The only things new about what Pakistan Tehreek-i-Insaf Vice Chairman Shah Mahmood Qureshi called “new politics” was the palpable hope for change among a significant proportion of the participants and the politicisation of the otherwise apolitical urban middle classes. Beyond that, the PTI rally of March 23 was politics as usual.
To its credit, the PTI has convinced many college-educated youngsters, both male and female, to see politics as a reality of everyday existence. A Lahore-based group of youngsters, who said they were in event management, and teenagers sporting ‘Khan Army’ t-shirts were amongst the many new entrants to the voting population, most of who seem likely to cast ballots for the PTI. They rationalise their choice by saying that they want change, which for them equates to little more than Imran Khan coming to power.
These and others in the urban, upper-middle classes, united in their hatred of the ‘corrupt and fake degree holder’ politician, have found in the PTI a reason not to back undemocratic governments of ‘morally upright’ dictators and ‘educated’ technocrats. This is perhaps the most significant achievement of the PTI’s new politics.
But how far this will go in changing things for the working poor, for whom politics has always been a reality of everyday existence, remains open to debate.
The politics as usual for the working poor is apparent in the hollowness of the PTI’s ‘change’ rhetoric and the nature of politics that backs the rhetoric. Besides the cursory references to food prices and the minimum wage, the set of promises the PTI chairman made with reference to the change his party stands for lacked substance. The slogans and references in most other PTI leaders’ speeches were loaded with national fervour and anti-corruption themes, both closely associated with the middle classes and their politics. Add to that Javed Hashmi’s narrowing of Pakistani politics to whatever passes for change in Lahore, and by extension Punjab, and one is left with few ingredients for a recipe for change in the everyday affairs of the working poor.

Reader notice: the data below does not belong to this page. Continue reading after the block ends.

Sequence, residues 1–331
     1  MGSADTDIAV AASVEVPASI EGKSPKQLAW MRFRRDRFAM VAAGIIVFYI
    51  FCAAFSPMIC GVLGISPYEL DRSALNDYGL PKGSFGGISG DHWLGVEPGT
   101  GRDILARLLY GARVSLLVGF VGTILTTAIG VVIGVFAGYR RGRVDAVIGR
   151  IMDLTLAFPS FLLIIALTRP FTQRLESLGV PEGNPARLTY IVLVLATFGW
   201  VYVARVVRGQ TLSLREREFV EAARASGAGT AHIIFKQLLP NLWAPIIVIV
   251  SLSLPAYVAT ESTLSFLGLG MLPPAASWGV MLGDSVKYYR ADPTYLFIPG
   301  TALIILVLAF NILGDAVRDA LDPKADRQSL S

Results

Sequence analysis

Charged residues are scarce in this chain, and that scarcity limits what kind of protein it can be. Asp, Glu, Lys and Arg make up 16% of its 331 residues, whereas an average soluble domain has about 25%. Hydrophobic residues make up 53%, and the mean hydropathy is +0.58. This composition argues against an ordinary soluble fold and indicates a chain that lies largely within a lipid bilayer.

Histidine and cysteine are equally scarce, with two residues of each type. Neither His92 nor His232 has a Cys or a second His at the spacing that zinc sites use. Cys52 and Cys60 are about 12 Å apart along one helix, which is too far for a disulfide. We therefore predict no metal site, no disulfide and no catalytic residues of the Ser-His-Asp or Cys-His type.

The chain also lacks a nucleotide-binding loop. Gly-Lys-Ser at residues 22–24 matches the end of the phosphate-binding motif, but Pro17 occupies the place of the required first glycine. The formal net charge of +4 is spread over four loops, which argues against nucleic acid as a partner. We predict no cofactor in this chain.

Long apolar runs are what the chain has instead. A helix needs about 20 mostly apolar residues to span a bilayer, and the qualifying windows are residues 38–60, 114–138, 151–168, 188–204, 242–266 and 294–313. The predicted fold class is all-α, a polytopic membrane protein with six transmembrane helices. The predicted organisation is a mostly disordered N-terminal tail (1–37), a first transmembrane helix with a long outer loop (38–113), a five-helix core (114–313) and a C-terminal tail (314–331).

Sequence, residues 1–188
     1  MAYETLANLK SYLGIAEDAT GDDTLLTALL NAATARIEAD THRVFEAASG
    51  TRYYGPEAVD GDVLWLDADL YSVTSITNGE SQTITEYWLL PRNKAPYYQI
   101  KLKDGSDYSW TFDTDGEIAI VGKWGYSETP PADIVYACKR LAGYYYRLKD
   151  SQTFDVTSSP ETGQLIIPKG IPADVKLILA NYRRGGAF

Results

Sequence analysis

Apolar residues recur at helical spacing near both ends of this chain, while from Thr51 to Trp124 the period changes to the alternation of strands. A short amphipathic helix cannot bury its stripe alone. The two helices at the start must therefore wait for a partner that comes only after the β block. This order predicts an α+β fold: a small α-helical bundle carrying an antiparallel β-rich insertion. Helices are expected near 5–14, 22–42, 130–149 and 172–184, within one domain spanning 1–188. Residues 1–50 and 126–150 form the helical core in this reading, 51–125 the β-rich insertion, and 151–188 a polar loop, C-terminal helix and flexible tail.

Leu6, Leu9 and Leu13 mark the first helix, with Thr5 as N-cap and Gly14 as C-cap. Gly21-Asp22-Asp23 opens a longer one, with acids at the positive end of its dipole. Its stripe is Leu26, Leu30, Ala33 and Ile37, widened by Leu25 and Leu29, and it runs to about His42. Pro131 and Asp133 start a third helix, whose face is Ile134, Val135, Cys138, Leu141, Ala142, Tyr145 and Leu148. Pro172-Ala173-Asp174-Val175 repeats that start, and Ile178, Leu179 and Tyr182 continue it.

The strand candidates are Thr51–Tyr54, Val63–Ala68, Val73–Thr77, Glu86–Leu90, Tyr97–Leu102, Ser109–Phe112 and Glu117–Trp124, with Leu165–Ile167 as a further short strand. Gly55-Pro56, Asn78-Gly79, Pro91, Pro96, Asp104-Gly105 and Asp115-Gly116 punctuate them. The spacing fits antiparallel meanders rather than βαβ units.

The reform agenda espoused in the party’s various policy documents will not break the nexus between the local elites and state officials, let alone strip the elite of its historically privileged position.
If the fiscal management reforms in these documents come through, the patronage-based service delivery for the working poor will at best become a little more efficient. They will, however, continue to access what the state and the market has to offer through these elites, whose presence in the PTI will be less relevant to their efficacy as a patron than their identity as the social and economic elite.
To their credit, the average working poor in attendance at the rally appeared well aware of this fact. The daily-wager from Sargodha and the Mansehra-born teenager working as a cook in a DHA home were clear about balancing the hope espoused in the PTI’s change rhetoric. They would split their votes between the PTI (NA) and the PML-N candidates (PA). While the PML-N “works just fine” for the Punjab, the PTI, they hoped, would strike its magic wand and change things from the top, without compromising on the local politics of service delivery in Bhera or the informal economy supporting them in Lahore.
Published in The Express Tribune, March 24th, 2013.